My rating: 3 of 5 stars
The stories of King Arthur are among the most enduring legends in English literature, not to mention French, German and other literatures as well. As the authors note in the preface to the second edition, "in the period 1990-95, and in English alone, well over eighty Arthurian novels and even more short stories were published, and the flood shows no signs of abating."
The authors do not claim to be able to record every title in this flood; to do so would be to make the book nothing more than a bibliography. They concentrate on the more important and significant works.
But the point of such a book is that one is quite likely to come across references or allusions to the Arthurian legend in books that one reads, and so some familiarity with the main features of the legend are useful, and this is what this book provides. It has chronologies of the main works published, including non-literary works, like painting, sculpture, film and more. If gives family trees of Arthur (all different) from the major works. And it gives a brief description of the various works that convey the Arthurian story. At the end there is a glossary, giving the names and roles of the main characters, and their various forms, and the way they are portrayed in various works.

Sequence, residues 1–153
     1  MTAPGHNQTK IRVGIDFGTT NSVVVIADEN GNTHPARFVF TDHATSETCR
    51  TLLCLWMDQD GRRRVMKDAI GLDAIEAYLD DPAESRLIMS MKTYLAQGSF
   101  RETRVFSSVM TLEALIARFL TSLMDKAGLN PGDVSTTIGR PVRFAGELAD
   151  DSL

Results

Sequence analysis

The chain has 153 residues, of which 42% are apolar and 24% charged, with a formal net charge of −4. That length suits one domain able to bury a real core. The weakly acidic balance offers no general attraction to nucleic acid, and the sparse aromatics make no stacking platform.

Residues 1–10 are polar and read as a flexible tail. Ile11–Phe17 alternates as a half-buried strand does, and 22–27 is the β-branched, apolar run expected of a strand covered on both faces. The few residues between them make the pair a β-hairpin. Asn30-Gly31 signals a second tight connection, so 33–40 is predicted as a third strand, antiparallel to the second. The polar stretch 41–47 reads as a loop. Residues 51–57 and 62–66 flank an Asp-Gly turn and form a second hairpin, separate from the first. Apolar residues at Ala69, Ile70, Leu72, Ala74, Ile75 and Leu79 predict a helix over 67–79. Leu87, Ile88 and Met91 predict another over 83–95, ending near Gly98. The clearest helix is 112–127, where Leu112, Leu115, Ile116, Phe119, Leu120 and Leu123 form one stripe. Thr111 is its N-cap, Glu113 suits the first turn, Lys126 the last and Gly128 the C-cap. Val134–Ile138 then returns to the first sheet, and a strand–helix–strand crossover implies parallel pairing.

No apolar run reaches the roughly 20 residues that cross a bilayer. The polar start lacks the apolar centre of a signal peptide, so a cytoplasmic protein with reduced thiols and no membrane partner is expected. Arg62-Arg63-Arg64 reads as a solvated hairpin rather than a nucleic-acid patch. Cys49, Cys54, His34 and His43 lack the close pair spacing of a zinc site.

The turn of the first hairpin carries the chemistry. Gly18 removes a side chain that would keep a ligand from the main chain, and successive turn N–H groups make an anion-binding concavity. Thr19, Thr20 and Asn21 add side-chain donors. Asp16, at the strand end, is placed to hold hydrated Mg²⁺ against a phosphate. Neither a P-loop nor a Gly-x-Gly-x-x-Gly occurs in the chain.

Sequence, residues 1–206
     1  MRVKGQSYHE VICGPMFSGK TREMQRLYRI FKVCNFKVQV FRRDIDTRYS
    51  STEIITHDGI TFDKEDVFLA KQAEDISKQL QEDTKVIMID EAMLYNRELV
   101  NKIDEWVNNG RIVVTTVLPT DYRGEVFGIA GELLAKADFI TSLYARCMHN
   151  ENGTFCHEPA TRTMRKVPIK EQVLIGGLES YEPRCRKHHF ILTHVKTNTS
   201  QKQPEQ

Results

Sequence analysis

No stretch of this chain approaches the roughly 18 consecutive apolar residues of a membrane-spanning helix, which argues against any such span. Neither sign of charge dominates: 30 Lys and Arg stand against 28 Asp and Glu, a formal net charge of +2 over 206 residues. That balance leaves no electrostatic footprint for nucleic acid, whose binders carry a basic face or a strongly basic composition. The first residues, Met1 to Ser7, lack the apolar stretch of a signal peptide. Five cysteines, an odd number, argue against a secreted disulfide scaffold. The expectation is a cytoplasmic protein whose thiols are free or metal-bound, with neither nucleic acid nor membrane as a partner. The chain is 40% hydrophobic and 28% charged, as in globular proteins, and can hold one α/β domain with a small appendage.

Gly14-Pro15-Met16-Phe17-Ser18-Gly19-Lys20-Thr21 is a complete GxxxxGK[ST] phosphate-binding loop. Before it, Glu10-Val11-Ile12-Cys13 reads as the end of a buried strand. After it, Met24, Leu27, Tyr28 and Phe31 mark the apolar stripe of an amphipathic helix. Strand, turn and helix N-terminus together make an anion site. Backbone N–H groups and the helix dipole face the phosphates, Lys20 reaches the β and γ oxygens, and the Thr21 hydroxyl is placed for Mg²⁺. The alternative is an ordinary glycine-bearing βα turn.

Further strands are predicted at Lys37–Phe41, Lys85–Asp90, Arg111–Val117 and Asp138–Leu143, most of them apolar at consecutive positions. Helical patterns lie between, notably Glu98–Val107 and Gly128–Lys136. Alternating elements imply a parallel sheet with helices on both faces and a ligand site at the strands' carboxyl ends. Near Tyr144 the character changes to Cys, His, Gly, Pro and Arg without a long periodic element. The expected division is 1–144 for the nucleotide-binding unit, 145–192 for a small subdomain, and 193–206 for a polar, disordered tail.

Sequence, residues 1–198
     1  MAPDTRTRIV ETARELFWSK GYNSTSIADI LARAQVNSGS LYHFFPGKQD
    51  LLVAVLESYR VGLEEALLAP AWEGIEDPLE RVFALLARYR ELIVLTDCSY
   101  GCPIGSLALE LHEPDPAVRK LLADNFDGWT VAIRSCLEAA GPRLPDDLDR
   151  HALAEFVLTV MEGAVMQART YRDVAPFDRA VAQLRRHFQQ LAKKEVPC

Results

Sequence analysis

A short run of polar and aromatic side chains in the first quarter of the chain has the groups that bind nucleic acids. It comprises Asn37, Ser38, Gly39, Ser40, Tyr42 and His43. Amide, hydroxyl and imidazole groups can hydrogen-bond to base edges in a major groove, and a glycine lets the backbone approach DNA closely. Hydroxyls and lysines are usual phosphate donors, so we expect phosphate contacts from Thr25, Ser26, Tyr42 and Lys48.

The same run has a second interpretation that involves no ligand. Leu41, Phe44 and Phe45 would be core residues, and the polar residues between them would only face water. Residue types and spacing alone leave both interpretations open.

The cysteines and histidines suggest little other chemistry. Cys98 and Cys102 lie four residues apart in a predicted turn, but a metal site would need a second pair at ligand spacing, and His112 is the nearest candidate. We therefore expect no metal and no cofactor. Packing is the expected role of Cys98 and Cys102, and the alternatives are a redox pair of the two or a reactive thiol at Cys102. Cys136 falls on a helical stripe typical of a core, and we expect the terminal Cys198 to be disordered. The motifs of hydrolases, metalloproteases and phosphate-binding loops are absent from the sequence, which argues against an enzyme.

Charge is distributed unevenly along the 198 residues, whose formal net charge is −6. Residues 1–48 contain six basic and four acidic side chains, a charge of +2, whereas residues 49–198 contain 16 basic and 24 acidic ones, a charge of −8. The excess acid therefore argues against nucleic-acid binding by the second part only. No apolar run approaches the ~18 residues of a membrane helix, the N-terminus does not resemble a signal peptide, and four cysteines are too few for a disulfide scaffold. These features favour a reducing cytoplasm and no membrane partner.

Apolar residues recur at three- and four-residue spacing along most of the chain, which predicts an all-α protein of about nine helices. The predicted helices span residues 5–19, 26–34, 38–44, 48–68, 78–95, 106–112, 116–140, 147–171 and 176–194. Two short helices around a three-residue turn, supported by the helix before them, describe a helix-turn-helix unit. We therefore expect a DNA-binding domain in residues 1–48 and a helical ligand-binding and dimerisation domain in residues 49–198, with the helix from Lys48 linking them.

I've read about the Arthurian legend in several books, and allusions to it in several others. One is C.S. Lewis's That hideous strength. The Arthurian element is obvious in the case of Merlin, but for a long time "Mr Fisher-King" quite escaped me.
I tried reading Malory and Tennyson's versions, but found it difficult to see the wood for the trees. This book helps one to follow the thread through the longer works, and also points out some of the inconsistencies. Sir Kay is a villain, or at best a bumbling jobsworth in some versions of the story, but in others, as Sir Cai, he is a hero.
So I've found it a good read, and I'll be going back through it to make notes before I take in back to the library.
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